5. Here is the latest. "We have sent you a spreadsheet setting out the hypothetical reconstruction of your account month on month, and the calculation of redress accordingly. We have also invested a considerable amount of time in explaining to you how the calculation is performed. We have explained that calculation of PPI redress is complex, as is the software we use and which must account for numerous customer situations, actual and hypothetical. It is not as simple as disclosing a ‘formula’. We believe we have done all we can to assist you in understanding our approach." The calculations they sent me included an Offer of Redress. This included interest up to the present day. Now Capital One are saying that they will not honour this offer but instead stick to their initial offer. Whilst I think that this is a mistake it really gets my back up to think that we have been negotiating over the last 2 months using calculations which they now say are not valid and they will not stick to. To me it is worrying that they cannot supply me with the formula used in calculating my redress. In effect I have to 100% trust them. Then we have more ... "It seems to me you continue to misunderstand the difference between our approach (which is in line with FOS guidelines) and your own, and in particular what we mean when we say in our offer letter that ‘Any interest refund is compounded over time, which means we add interest onto the interest we refunded for the previous month’, or at least the way in which this is achieved. You believe that the figure in column T should be compounded so as to increase month on month, without reflecting any activity on your account. We have already explained that this is over-simplistic, and that the compounding we describe in our letter is achieved by reconstructing your account balance month by month as it would have been had you not purchased PPI. So, for any given month, we take the previous month’s reconstructed balance and strip out the monthly premium, interest charged on the premium and any charges added to your account as a result of the PPI; we also account for payments to your account (stripping out any surplus payments). The new reconstructed balance is then carried forward to the next month, where the same exercise is repeated, and so on. It is through this iterative approach that you see the effect of the compounding; put simply, the reconstructed balance is rolled over month by month, showing the cumulative effect of the refund but also accounting for payments to your account. Column T simply sets out the associated interest calculated month by month on the difference between the actual and reconstructed balance i.e. we ‘calculate and refund the difference between the amount of interest that was actually charged and that which would have been charged if PPI and any charges caused by PPI had not been added to the account’ as stated in our offer letter. Because the reconstructed balance on which the calculation is based reflects any previous refund of interest, we do (as we say in our offer letter) add interest onto the interest we refunded for the previous month. Whether or not this accords with your own view of how compounding should apply, I can assure you our approach is in line with FOS guidelines. We have previously referred you to the relevant guidance, and you will therefore be aware that FOS consider it good practice in a situation where a customer has habitually made the minimum monthly payment to their account to hypothetically reconstruct the account balance without the cost of PPI and any interest and charges paid as a result of PPI being included on the account (as we have explained we do month by month) and refund the difference and to consider the impact the reconstructed balance would have had on the payments made to the account, awarding 8% simple interest to compensate for the loss of use of any surplus (again, as we have explained we do). Your own calculations provide for you to receive sums over and above that provided for by FOS guidance and would go beyond putting you in the position you would have been in had you not purchased the PPI by refunding interest you never in fact paid. "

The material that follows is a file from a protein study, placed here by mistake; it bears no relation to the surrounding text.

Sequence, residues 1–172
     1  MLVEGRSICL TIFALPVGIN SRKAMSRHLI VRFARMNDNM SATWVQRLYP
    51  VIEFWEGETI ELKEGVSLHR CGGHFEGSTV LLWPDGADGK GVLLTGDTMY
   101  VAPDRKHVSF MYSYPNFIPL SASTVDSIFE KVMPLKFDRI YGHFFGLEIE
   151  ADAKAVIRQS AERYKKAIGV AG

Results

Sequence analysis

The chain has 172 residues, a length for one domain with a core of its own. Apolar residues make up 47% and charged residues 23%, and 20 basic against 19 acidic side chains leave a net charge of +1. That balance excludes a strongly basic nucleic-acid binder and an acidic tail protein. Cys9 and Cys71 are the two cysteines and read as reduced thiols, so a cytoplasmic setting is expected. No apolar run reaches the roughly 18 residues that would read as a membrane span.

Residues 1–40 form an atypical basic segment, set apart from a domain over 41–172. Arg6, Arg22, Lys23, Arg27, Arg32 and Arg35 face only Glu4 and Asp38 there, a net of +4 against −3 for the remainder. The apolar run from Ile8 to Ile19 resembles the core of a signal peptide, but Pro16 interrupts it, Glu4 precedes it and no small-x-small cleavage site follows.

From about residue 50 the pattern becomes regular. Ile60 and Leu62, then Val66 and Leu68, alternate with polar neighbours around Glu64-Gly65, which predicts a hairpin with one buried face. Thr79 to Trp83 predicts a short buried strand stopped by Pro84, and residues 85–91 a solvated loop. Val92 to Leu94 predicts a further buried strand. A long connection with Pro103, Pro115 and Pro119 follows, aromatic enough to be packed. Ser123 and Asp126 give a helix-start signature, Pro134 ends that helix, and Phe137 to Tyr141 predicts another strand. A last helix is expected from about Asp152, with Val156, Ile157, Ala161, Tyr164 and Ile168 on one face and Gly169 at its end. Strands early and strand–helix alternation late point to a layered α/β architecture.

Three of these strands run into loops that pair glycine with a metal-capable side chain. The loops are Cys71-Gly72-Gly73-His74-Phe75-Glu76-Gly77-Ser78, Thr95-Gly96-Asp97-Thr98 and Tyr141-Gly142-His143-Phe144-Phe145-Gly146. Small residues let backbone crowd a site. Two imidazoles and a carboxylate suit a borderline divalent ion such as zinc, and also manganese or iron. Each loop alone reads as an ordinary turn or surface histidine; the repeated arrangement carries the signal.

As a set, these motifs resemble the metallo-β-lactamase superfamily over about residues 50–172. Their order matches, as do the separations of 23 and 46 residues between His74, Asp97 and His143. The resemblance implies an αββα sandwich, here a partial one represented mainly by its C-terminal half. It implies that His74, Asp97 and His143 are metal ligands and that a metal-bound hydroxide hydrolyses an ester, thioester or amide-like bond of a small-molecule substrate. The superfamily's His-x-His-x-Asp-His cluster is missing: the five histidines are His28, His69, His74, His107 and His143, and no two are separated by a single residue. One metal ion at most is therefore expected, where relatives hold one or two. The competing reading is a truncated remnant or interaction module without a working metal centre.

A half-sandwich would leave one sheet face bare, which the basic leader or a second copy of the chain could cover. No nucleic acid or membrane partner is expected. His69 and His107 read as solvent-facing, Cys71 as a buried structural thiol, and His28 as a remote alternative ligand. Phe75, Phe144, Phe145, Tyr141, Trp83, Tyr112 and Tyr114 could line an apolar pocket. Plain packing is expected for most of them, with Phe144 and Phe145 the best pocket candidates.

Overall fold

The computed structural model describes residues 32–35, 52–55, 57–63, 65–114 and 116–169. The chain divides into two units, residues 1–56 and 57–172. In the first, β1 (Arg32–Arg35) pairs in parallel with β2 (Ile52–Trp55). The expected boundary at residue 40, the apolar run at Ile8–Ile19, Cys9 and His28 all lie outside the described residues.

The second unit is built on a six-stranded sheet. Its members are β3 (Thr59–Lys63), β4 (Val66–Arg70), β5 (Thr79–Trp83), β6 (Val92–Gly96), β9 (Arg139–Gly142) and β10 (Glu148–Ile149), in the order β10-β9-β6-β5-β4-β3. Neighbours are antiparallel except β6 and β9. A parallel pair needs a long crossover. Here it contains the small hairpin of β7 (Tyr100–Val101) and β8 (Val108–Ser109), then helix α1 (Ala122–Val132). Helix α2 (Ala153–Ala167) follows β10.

6. During a telephone conversation with one of their analysts they stated that column T should be compound interest. I questioned why the "compound interest" went down as well as up. He said that was because of the different number of days in the month. If you understand anything about compound interest then you must understand that the compound interest CANNOT go down. They are NOT paying compound interest.